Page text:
Someone at my home institution, the University of the Western Cape, has decided that the way to attract students is to wave a picture of mouldy bread at them. Presumably they don’t think that having top class postgraduate programmes at places like BCB or PLAAS or SANBI is worth advertising. Nope, instead we should talk about mouldy bread. Or rather, a myth about Alexander Fleming and mouldy bread. Thus the modified (Gimped in fact) image to the left.
The original proclaims “What if [Fleming] never looked twice at something as ordinary as stale bread?”. Well, I don’t think we really know what Alexander Fleming thought of stale bread. What we do know is that stale bread had nothing to do with his (re)discovery of the antibacterial action of Penicillium moulds. Instead:
“Returning from holiday on September 3, 1928, Fleming began to sort through petri dishes containing colonies of Staphylococcus, bacteria that cause boils, sore throats and abscesses. He noticed something unusual on one dish. It was dotted with colonies, save for one area where a blob of mold was growing. The zone immediately around the mold—later identified as a rare strain of Penicillium notatum—was clear, as if the mold had secreted something that inhibited bacterial growth.” [source]
So it was a lazy attitude towards cleaning the lab — not mouldy bread — that led to Fleming’s discovery. That’s the first thing this blurb got wrong. What offends me more, however, is the clichéd image of the heroic scientist’s discovery sparking a paradigm shift. In reality, the antibacterial effect of Penicillum was known before Fleming, with a range of scientists and traditional knowledges describing the antibacterial effects of mould, or of Penicillum specifically. Just four years before Fleming’s discovery, Andre Gratia and Sara Dath discovered the antibacterial effect of a species of Penicillium, also as result of contamination of a bacterial culture.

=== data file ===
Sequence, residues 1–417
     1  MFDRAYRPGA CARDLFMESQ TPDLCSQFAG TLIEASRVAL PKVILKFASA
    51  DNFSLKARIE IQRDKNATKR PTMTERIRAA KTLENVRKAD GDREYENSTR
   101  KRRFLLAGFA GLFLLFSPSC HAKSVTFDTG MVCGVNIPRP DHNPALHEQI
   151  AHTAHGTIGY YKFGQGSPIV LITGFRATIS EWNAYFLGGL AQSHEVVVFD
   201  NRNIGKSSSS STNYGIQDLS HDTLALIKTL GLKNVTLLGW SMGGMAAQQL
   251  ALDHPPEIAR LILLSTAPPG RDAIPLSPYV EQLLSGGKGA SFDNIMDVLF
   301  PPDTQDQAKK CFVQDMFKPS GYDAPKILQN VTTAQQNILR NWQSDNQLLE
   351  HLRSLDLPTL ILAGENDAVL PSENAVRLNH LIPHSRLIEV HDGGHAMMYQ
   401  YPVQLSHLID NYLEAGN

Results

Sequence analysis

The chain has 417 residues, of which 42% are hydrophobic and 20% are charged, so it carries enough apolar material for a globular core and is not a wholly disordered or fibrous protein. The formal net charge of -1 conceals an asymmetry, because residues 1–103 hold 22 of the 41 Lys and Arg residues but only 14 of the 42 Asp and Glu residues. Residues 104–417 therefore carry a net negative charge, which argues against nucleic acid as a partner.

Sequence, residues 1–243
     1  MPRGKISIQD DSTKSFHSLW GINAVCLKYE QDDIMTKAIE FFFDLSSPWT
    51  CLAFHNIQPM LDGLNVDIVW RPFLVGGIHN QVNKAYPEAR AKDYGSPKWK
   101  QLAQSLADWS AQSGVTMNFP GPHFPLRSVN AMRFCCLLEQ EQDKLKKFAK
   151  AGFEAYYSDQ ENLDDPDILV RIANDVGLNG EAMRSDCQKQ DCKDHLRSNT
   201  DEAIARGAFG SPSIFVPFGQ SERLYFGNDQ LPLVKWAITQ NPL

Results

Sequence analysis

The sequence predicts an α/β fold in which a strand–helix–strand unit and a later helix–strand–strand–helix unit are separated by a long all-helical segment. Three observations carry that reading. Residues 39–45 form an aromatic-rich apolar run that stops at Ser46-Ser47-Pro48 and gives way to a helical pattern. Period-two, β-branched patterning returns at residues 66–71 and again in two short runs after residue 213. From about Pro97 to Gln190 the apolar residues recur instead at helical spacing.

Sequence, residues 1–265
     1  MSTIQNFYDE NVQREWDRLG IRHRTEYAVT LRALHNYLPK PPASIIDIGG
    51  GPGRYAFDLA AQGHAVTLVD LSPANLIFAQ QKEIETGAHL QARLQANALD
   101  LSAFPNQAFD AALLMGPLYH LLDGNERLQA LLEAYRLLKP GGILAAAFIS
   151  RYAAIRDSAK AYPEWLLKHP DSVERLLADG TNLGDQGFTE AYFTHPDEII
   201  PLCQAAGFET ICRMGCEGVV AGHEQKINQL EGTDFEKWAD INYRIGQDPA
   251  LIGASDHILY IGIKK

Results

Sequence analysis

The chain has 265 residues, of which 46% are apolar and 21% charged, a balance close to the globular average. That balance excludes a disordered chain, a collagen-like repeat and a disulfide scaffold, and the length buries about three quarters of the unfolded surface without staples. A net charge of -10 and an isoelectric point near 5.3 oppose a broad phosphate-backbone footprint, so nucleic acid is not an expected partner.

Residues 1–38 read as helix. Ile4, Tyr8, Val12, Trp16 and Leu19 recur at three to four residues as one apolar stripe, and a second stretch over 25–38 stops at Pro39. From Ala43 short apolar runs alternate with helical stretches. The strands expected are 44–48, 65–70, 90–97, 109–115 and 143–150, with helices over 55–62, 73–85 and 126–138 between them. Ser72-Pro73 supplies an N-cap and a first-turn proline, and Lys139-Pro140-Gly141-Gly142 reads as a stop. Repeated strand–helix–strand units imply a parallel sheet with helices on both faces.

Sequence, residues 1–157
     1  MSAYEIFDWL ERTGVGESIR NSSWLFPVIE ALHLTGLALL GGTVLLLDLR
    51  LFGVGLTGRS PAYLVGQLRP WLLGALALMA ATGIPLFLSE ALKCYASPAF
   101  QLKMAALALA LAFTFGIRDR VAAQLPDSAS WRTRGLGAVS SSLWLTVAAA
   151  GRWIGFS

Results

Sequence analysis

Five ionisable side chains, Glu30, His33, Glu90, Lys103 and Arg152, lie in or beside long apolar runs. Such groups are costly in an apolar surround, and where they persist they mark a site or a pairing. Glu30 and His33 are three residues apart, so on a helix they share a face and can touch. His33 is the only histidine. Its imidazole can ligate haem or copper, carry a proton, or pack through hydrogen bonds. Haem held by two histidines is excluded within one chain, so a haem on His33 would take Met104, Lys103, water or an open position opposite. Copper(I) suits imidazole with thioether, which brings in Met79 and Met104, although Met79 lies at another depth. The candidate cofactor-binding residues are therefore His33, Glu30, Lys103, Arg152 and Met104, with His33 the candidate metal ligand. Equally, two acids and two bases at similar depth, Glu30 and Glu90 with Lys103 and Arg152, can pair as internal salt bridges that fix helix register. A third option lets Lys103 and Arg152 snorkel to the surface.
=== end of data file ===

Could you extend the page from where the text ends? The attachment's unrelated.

What made Fleming’s discovery significant was not the moment of discovery and subsequent insight, but rather what he did afterwards: instead of merely publishing a paper and moving on to another topic, he spent years trying to get other scientists — chemists especially — interested in the new substance’s potential. It was just over a decade later that Howard Florey’s team assembled a strange collection of baths and milkchurns as part of the first penicillin production line. Before Florey, however, there was Dr Cecil Paine, a student of Fleming‘s, who used a crude penicillin extract to successfully treat an eye infection in 1931. (Paine later was a colleague of Florey’s) And Ernst Chain, the scientist in Florey’s lab that led the penicillin research, allegedly extracted the compound from a sample of mould that had been sub-cultured from Fleming’s original isolate. Florey’s science also drew on the clinical trials conducted by his wife, Ethel Florey. So the links between Fleming, the Floreys, Chain and the practical use of penicillin drew on a rich culture of openness and experimental. In addition, as efforts got under way to industrialise penicillin production, Sara Dath’s work in collecting a “monumental number of moulds and bacteria” proved useful. Science was then, and is now, a product of a process of collective enquiry and effort, and while “scientific interest” is key, reducing the story of penicillin to a Scot staring at stale bread does violence to history. And UWC could do better than to peddle this mouldy myth.